Renewable energy technology has been split into two camps since it became a reality around the turn of the century.
On the one hand there are the passionate environmental believers for whom the inflated subsidies were an irrelevance in the face of saving our planet, and on the other were naysayers for whom the arguments about global warming were a plot by the far left to raise taxes or run some kind of tree-hugging environmental agenda at the expense of business and consumers.
Neither polarized position was fair, of course, and the quiet majority in the middle have watched the technologies become progressively more efficient and costs fall dramatically while the extremes of global warming horror stories have been discredited, but the hard science of gradually rising carbon levels has been widely accepted.
Who Cares Why The Temperature is Rising?
In the process, a wider acceptance has gained ground that global temperatures really are rising and whether it is part of a natural cycle or man-made is not a risk we can afford to take. Ultimately, action to reduce carbon emissions will be cheaper than many possible downside scenarios if left unchecked and most people would accept we are making a mess of our environment and really should behave more responsibly.
Meanwhile, politicians have been plowing our taxpayer money into supporting wind, solar and a number of other “renewable” technologies, with some degree of success. Costs for the major energy sources — solar and wind — have fallen, partly as a result of technology improvements and partly due to economies of scale, to the point now where private firms are signing up to invest in major wind projects for a tariff of just $100 per MegWatt/Hour (€90 per mw/h). Indeed, in Europe all the extra power capacity added since the mid ’90s has been renewable.
The biggest hurdle renewables now have to overcome is not the cost of production, but the curse of intermittency. Where does the power come from when the wind doesn’t blow or the sun doesn’t shine?
The Cost of Decommissioning
Up to now, that has required the maintenance (and, indeed, here in the U.K., the planned investment in) baseload power capacity. Sometimes this has meant extending the life of aging nuclear power plants and sometimes new gas-fired plants which have greater flexibility to be turned on and off but which have a carbon cost of their own.
In the U.K., a fierce debate has been going on for several years about the replacement of aging nuclear power plants such as Hinckley Point in Somerset, England and Bradwell at the mouth of the River Blackwater in Essex at a huge capital cost. A capital cost that has risen dramatically at every reevaluation and which can only be supported by a massive guaranteed strike price of $120 per mw/h (£92.50 per mw/h) for 35 years.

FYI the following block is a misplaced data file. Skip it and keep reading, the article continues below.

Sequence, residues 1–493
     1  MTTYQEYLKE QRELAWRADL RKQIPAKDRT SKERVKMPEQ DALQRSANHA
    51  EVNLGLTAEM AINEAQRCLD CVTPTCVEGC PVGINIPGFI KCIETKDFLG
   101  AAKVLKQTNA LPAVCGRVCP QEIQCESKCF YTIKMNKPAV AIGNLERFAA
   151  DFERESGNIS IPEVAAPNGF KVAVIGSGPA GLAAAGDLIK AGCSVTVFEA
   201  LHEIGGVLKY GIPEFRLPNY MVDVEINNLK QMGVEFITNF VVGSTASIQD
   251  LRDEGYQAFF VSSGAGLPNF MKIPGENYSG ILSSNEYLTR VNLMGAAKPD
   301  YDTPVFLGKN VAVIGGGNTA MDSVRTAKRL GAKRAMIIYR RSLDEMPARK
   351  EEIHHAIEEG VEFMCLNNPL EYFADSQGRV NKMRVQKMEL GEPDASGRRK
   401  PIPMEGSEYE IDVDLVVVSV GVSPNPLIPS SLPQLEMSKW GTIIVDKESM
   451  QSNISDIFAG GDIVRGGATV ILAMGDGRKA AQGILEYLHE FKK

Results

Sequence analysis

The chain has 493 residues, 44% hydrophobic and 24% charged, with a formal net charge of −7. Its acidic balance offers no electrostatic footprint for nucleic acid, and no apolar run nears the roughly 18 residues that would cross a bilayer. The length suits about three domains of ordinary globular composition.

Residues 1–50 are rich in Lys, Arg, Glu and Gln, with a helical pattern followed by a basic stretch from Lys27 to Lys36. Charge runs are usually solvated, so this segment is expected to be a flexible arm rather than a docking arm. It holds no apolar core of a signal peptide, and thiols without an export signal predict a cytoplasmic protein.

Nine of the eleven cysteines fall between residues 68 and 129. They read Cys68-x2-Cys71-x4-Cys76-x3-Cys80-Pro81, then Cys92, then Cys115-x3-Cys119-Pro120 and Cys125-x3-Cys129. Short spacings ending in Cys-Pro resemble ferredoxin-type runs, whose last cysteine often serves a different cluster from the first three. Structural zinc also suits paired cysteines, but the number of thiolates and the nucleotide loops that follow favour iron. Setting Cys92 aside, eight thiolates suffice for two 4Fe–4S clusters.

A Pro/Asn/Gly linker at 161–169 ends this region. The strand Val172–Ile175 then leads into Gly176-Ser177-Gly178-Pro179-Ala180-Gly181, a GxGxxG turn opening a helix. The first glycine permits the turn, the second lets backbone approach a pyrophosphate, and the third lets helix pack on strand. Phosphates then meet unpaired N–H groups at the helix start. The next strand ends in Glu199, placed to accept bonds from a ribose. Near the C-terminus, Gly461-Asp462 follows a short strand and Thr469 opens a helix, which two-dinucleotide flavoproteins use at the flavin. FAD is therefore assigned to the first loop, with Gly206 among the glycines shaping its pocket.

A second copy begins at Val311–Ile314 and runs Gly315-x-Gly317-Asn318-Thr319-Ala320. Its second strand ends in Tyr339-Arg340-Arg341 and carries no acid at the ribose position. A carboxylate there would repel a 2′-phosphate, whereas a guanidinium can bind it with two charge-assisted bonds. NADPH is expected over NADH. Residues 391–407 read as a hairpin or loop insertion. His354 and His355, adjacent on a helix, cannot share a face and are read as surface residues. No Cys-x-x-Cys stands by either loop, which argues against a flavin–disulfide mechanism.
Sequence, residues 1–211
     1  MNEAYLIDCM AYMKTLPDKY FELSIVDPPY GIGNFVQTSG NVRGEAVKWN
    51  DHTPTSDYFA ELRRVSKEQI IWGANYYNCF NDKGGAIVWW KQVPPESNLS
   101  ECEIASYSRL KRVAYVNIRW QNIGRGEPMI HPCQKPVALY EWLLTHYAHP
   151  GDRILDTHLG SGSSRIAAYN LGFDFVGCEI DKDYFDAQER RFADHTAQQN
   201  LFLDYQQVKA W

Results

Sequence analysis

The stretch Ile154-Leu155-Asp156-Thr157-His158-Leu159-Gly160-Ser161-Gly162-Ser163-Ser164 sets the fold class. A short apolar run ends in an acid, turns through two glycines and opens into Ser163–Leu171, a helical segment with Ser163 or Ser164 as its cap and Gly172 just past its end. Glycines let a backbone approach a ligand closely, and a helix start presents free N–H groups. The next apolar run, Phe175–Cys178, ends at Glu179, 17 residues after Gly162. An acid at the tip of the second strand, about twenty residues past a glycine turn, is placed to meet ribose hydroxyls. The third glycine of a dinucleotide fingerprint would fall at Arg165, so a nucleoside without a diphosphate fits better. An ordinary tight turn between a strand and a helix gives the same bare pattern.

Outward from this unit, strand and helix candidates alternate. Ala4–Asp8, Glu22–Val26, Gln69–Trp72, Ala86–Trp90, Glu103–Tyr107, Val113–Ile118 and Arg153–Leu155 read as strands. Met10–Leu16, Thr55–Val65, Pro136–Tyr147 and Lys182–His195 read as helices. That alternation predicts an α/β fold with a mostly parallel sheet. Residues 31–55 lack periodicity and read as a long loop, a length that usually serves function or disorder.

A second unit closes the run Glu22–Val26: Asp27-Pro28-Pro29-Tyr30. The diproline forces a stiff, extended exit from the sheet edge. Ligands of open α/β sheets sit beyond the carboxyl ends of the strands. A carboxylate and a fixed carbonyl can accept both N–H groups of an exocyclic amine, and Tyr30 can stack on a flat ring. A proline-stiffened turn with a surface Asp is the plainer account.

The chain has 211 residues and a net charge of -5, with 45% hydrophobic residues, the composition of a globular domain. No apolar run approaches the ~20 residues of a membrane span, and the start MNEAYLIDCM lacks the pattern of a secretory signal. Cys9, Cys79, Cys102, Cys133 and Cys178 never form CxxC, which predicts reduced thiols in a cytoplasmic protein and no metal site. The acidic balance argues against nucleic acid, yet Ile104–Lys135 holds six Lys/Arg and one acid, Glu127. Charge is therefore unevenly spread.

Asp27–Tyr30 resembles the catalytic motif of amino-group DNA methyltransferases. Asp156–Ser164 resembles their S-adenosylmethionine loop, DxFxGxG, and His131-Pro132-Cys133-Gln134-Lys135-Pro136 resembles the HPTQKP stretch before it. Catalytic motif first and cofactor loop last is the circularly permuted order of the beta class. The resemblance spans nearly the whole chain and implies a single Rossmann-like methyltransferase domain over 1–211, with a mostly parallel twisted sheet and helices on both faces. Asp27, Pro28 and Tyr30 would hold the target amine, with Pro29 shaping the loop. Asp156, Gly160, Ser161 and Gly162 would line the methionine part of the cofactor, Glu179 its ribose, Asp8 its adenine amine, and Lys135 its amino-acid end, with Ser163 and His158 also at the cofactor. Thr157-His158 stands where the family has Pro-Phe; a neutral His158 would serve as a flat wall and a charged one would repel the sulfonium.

Worse, that figure gets adjusted for inflation and is already looking more like $125.44 (£97) per mw/h, and rising. Whether recognition of the progress energy storage is making and the transformational impact a major breakthrough could have is influencing the British government’s announcement this month that it is undertaking a review of whether to go ahead or not on the nuclear projects is unclear, but it certainly raises questions as to why would you commit to such a high strike price for 35 years if the technology is likely to be totally uneconomic by the time it even starts generating electricity?
Efficient and cost-effective energy storage could allow intermittent power sources such as renewables to play a baseload role in energy delivery. It has been the holy grail of renewable energy ever since the technology began to take off, but lack of cost-effective, efficient technology has held the whole sector back. The U.S. government is not alone in recognizing this, but it is leading the way in research and development to find solutions.
According to the Telegraph, the U.S. Department of Energy is funding 75 projects developing electricity storage, funding research at Harvard, MIT, Stanford, and the elite Lawrence Livermore and Oak Ridge national labs in a bid for achieve a breakthrough. Many of these projects can be tracked at the Advanced Research Projects Agency-Energy website (ARPA-E). There are plans for hydrogen bromide, zinc-air batteries, storage in molten glass, next-generation flywheels, to name but a few with many claiming “drastic improvements” that can slash storage costs by 80–90%. In reality, most will not see the light of day, but that is the nature of cutting edge hard science. You have to kiss many frogs before you find your prince.
The potential for industry is huge, a Mckinsey estimate that the energy storage market will grow a hundredfold to $90 billion a year by 2025 with as yet unforeseen potential for the metals industry, depending on which technologies prove to be the most successful. If electric vehicles finally begin to gain some sales traction maybe a low-carbon future really is attainable at acceptable cost.